Investors are wary of market challenges such as high taxation (particularly the 23% VAT rate) or a perceived lack of transparency and consistency in planning, thus far – can they expect any changes in these respects?

The first thing I did when I started as City Councillor in Lisbon was to listen to my whole team, from managers to technicians - they know the structure and can advise on the most ardent changes needed. I also went through the Attendance Division to understand the main difficulties felt by citizens and investors in their contact with our urbanism department. This allowed me to make a good diagnosis and to create a team that will focus exclusively on organizational innovation in urbanism. Our work will focus a lot on promoting:

  • A reduction in urban permits response times.
  • Information about the phase of the permit process.
  • Greater certainty in the duration of the project appraisal deadlines by Lisboa Municipality.
  • Clearer information on how to properly instruct a permit process.
  • Greater transparency in clarifying the criteria for assessing the processes.
  • Clarification of the norms of the Urban Plans and Regulations.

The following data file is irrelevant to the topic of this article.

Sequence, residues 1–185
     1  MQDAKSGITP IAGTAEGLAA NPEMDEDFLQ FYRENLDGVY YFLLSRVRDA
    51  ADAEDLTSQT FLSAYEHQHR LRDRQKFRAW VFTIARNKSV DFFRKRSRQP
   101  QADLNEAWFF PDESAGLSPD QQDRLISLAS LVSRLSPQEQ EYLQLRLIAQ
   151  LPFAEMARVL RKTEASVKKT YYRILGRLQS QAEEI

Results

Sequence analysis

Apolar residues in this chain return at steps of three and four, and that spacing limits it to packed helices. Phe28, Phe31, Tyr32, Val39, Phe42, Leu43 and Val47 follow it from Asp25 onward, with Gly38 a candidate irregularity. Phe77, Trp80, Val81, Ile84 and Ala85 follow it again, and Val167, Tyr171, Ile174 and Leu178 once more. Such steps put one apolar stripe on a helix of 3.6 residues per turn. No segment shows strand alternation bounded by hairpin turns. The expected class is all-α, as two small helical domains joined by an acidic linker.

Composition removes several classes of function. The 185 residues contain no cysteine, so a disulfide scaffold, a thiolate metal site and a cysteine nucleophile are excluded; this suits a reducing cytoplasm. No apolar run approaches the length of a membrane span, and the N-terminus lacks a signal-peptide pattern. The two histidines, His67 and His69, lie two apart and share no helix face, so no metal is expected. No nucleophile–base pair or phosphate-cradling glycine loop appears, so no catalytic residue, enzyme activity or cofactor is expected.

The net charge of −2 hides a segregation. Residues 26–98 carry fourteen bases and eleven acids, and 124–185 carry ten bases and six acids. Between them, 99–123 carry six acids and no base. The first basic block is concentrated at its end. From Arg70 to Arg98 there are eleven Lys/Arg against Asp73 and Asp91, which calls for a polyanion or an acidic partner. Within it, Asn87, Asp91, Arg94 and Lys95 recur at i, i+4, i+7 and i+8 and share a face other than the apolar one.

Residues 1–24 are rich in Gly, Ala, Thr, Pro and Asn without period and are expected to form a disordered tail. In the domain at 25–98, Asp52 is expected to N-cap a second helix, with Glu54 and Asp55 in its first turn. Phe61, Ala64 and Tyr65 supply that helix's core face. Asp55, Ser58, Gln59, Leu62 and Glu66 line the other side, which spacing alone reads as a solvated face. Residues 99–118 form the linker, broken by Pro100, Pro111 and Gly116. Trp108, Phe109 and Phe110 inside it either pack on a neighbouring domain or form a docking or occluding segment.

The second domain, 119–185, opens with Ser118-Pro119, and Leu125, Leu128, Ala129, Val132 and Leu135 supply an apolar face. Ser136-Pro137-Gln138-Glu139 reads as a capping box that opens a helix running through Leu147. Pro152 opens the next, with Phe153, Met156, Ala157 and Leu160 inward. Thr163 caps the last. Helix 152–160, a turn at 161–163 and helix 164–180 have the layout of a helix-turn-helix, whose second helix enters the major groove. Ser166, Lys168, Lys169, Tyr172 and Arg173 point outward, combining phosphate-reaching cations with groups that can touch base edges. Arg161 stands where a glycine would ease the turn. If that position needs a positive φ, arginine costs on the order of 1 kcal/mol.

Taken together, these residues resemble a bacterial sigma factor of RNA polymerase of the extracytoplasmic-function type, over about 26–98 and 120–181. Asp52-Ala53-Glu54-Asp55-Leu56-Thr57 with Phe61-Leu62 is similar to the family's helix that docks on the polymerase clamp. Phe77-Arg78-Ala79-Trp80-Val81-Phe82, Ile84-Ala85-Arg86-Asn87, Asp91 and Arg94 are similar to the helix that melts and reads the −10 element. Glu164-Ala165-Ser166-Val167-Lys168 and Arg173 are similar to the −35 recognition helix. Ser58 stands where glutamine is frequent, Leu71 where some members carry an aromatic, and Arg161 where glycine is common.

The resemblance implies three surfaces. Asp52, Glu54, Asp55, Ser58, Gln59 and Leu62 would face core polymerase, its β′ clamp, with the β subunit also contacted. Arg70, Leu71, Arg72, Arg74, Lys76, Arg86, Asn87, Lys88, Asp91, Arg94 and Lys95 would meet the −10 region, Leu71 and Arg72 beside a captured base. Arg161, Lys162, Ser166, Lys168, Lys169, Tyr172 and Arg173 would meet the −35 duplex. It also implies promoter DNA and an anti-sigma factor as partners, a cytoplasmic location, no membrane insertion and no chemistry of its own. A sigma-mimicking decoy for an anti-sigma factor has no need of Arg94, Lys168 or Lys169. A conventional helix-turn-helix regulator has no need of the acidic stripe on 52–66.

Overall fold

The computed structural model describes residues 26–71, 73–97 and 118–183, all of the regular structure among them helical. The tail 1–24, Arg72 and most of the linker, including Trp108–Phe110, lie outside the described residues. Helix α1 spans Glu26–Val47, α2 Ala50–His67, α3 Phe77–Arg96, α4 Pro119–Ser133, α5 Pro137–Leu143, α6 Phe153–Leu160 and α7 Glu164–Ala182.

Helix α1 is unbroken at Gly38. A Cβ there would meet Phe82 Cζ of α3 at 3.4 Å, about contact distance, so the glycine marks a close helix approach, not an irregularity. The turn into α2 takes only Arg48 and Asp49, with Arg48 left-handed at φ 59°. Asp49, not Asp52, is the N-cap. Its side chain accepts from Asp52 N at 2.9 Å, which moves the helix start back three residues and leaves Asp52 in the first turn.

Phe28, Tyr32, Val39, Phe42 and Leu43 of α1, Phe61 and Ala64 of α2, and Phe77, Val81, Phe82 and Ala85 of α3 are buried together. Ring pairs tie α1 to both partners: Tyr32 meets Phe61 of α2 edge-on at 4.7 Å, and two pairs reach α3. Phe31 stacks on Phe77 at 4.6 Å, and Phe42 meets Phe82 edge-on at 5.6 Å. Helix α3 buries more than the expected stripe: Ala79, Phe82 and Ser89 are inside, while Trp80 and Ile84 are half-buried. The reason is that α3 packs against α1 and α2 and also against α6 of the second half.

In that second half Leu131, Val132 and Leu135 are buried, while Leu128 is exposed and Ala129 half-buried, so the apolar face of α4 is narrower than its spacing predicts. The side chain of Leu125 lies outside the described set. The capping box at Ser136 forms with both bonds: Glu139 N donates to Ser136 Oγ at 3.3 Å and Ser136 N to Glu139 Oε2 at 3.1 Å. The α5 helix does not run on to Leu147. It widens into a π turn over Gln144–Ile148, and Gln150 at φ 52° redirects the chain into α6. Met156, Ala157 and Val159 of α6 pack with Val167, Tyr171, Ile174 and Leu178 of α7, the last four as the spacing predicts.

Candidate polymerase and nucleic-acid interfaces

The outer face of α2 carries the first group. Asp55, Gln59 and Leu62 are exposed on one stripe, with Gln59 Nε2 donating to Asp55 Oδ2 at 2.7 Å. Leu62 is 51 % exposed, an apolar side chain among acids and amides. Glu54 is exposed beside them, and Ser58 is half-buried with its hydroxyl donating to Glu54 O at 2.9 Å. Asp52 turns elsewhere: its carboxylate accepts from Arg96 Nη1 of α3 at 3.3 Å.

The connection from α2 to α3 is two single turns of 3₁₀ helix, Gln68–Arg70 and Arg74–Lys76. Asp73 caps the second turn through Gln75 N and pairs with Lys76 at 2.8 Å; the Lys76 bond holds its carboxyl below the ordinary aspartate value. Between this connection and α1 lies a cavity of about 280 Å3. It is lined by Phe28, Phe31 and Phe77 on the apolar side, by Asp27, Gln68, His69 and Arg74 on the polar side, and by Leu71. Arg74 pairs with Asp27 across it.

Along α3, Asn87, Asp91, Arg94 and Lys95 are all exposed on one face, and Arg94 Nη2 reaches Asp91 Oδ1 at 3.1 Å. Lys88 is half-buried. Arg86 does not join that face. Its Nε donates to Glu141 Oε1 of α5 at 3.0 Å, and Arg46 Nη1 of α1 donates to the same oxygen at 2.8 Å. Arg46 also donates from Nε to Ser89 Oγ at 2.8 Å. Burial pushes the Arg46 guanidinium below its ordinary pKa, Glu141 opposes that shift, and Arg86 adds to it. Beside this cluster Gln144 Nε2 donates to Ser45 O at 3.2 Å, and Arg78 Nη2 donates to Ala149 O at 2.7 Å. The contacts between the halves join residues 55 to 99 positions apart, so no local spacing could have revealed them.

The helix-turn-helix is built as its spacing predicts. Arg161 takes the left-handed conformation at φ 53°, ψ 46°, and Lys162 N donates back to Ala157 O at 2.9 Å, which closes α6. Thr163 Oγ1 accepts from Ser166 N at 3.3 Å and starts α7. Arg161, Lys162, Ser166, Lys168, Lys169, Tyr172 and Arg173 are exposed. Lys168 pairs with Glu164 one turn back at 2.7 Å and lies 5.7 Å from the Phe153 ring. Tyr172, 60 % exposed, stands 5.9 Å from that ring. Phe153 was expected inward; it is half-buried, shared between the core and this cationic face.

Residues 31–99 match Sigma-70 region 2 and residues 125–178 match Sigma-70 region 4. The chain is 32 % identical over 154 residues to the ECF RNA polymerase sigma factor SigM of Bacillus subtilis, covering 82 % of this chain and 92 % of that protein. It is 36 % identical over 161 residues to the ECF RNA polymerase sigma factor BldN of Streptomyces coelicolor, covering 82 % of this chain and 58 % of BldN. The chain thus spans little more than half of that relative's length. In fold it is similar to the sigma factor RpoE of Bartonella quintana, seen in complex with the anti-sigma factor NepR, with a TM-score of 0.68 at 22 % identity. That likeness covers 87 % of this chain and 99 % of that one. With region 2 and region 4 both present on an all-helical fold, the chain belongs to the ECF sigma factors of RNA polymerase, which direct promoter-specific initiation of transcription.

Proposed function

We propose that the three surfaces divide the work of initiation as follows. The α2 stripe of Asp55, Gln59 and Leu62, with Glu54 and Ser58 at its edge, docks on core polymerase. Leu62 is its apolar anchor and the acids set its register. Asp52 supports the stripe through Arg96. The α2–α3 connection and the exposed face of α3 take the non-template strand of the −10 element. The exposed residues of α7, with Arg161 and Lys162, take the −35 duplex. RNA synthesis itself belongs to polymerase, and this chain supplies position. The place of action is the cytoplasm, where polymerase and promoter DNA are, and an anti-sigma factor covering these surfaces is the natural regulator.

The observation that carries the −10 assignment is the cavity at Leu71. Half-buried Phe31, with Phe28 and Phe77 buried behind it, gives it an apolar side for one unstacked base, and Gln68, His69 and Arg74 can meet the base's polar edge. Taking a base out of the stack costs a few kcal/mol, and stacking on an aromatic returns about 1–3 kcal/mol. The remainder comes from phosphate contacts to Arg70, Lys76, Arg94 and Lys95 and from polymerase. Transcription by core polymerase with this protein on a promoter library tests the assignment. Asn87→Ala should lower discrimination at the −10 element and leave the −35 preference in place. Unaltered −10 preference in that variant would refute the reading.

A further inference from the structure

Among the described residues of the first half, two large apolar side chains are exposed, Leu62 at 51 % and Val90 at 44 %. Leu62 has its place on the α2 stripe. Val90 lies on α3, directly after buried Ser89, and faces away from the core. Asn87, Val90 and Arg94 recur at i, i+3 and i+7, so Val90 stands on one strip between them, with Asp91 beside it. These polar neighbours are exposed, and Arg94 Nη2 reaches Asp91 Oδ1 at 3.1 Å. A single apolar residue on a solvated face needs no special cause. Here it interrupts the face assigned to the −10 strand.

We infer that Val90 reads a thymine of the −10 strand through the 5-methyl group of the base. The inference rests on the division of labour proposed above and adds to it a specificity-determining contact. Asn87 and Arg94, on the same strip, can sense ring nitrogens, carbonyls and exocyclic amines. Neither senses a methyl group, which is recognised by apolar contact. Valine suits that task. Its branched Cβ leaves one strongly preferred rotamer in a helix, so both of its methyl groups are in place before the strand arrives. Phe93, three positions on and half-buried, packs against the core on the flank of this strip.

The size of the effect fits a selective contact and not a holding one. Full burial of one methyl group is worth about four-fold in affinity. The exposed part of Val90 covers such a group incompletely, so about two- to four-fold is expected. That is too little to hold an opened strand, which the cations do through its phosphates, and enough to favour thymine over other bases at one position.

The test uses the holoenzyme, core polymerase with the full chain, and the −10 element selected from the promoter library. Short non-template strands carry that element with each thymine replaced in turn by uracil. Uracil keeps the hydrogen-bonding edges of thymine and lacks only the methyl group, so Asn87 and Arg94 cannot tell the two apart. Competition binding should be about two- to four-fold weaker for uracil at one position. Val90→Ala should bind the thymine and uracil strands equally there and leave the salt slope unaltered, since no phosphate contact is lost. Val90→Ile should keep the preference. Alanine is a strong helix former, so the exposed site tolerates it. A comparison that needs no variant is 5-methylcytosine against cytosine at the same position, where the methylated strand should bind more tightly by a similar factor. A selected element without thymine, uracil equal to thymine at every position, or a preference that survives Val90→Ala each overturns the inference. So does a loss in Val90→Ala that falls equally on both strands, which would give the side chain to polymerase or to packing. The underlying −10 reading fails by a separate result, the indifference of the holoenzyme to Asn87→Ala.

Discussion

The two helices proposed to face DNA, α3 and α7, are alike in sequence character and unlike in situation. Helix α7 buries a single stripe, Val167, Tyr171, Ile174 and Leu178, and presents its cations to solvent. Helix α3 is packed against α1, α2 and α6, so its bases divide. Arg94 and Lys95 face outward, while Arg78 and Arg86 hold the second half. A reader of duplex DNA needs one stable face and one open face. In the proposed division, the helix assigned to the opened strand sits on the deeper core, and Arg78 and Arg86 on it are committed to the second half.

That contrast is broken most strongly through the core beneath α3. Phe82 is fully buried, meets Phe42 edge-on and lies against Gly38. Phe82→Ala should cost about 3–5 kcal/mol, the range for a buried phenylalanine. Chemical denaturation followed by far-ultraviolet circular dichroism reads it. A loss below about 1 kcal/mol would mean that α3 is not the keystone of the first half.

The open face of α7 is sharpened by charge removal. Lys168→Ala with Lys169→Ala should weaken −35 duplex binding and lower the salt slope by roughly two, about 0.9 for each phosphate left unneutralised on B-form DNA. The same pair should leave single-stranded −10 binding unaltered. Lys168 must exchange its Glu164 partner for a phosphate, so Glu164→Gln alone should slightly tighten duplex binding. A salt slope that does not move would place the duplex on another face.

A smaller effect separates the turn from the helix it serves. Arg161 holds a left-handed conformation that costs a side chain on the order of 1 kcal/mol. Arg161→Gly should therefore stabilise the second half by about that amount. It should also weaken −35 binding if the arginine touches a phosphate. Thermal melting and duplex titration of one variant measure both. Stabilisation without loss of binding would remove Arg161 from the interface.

Taxation combined with rising construction costs are making it difficult to develop the much needed affordable housing – how is the Council planning to support this segment?

The increase in construction costs poses additional challenges to the already existing context costs and to the income capacity of families in the city of Lisbon. We are aware of these challenges, which we share with other European cities, and are very committed to the creation of public-private and cooperative programs that may generate differentiated offers. We are already working on the framework for reinforcing supply, through the built area credits and mandatory land transfer for housing purposes.

What are the key priority objectives you are pursuing in your position at the City Council for the next 2-3 years?

Our top priorities are to guarantee a good service and here we must be able to speed up urban licensing, clarify rules and procedures, improve internal and external communication, and create procedure manuals. In terms of planning and city developments we have as goals:

  • Ensure that new public and private projects take into account the living experiences and the place’s identity.
  • Increase the supply of affordable housing.
  • Invest in forgotten areas of the city. There is a high percentage of areas to be consolidated in Lisbon and others with unqualified public and private spaces.


Do you have a final message for local and international real estate companies already present in or considering coming to beautiful Portugal?

Present projects with real value for the city. For this, it is key to have prior knowledge of the communities where the projects are located, to get to know the people, their experiences and dynamics. Present projects that reconcile the history with the future. Lisbon has many neighborhoods, stories, and overall opportunities for value creation.